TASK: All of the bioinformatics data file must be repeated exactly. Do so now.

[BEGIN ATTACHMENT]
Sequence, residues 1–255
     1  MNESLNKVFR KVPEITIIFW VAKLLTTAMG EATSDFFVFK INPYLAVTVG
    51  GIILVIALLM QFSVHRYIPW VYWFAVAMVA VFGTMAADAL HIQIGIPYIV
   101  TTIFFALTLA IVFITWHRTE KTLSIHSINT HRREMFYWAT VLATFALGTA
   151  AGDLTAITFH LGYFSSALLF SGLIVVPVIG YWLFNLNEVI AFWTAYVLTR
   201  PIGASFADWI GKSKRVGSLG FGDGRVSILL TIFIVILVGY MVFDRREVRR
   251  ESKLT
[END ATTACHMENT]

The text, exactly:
Sequence, residues 1–255
     1  MNESLNKVFR KVPEITIIFW VAKLLTTAMG EATSDFFVFK INPYLAVTVG
    51  GIILVIALLM QFSVHRYIPW VYWFAVAMVA VFGTMAADAL HIQIGIPYIV
   101  TTIFFALTLA IVFITWHRTE KTLSIHSINT HRREMFYWAT VLATFALGTA
   151  AGDLTAITFH LGYFSSALLF SGLIVVPVIG YWLFNLNEVI AFWTAYVLTR
   201  PIGASFADWI GKSKRVGSLG FGDGRVSILL TIFIVILVGY MVFDRREVRR
   251  ESKLT